Three Reminders About PR We Got from the SOTU
Anderson Cooper called it, “A momentous night.” Another reporter called it, “A moment in history.” While another said it would solidify a legacy. Barack Obama’s final State of the Union address as President of the United States. An hour before the 9 PM speech was set to begin, pre-SOTU coverage was dominated by breaking news that nearly overshadowed the historic moment. Ten U.S. soldiers–nine men and one woman–taken into Iranian custody.
You could hear the collective gasp made by PR pros everywhere. An American crisis underway as the President set out to declare the state of the union. It certainly made the PR in me cringe.
Here are the three key things that last night’s SOTU reminded us about PR:
Anything can happen. Even at an event as meticulously planned and tightly scripted as an American State of the Union address; the news cycle has mercy on no one. Not even the ruler of the free world. Thus, all your hard work in fine tuning a bullet proof communications plan can be altered the instant there is breaking news to be told.
Be ready–always–to pivot. The ability to make critical communications decisions on a moment’s notice can’t be stressed enough. To mention it or not to mention it was the decision facing Obama’s camp just before last night’s SOTU speech. Because of the breaking news, White House communications staff had to make a last minute call whether to inject new remarks into the President’s address. Moments before, news media were informed that Mr. President would not talk about the situation in Iran (feeling the issue was under control). They stuck to that plan and the President gave his speech as originally planned.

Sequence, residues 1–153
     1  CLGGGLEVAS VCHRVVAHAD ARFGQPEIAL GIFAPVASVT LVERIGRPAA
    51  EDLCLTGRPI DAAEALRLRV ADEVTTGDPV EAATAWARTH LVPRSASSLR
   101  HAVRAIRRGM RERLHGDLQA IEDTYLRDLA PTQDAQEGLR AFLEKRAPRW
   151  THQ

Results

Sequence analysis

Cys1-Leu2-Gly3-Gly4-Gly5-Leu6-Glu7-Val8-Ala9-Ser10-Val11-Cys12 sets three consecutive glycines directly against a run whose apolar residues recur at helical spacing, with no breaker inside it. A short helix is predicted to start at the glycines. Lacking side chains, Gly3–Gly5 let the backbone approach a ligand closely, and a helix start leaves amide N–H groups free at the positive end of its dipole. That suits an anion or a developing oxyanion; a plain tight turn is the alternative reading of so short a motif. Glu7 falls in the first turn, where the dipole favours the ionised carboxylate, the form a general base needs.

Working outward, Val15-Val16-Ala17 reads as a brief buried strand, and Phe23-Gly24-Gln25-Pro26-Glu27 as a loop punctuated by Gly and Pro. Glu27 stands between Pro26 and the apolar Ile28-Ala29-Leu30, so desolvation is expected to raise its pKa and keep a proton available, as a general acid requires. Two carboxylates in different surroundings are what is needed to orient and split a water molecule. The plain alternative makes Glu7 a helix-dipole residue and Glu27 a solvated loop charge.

Clearly communicate status updates. As best as possible, inform stakeholders and media of crisis status and any changes to the original schedule of events. Communications staff quickly alerted media that the President would proceed with his speech without any new additions.
Clearly the situation in Iran is not something a presidential communications staff wants to deal with just minutes before the capstone speech of an eight year long presidency. Kudos to the team for responding quickly and proactively keeping the public informed.
What were your thoughts on the SOTU? Do you think it was the right choice to leave the President’s speech as is, without addressing U.S. soldiers being detained in Iran? Tell me what you think.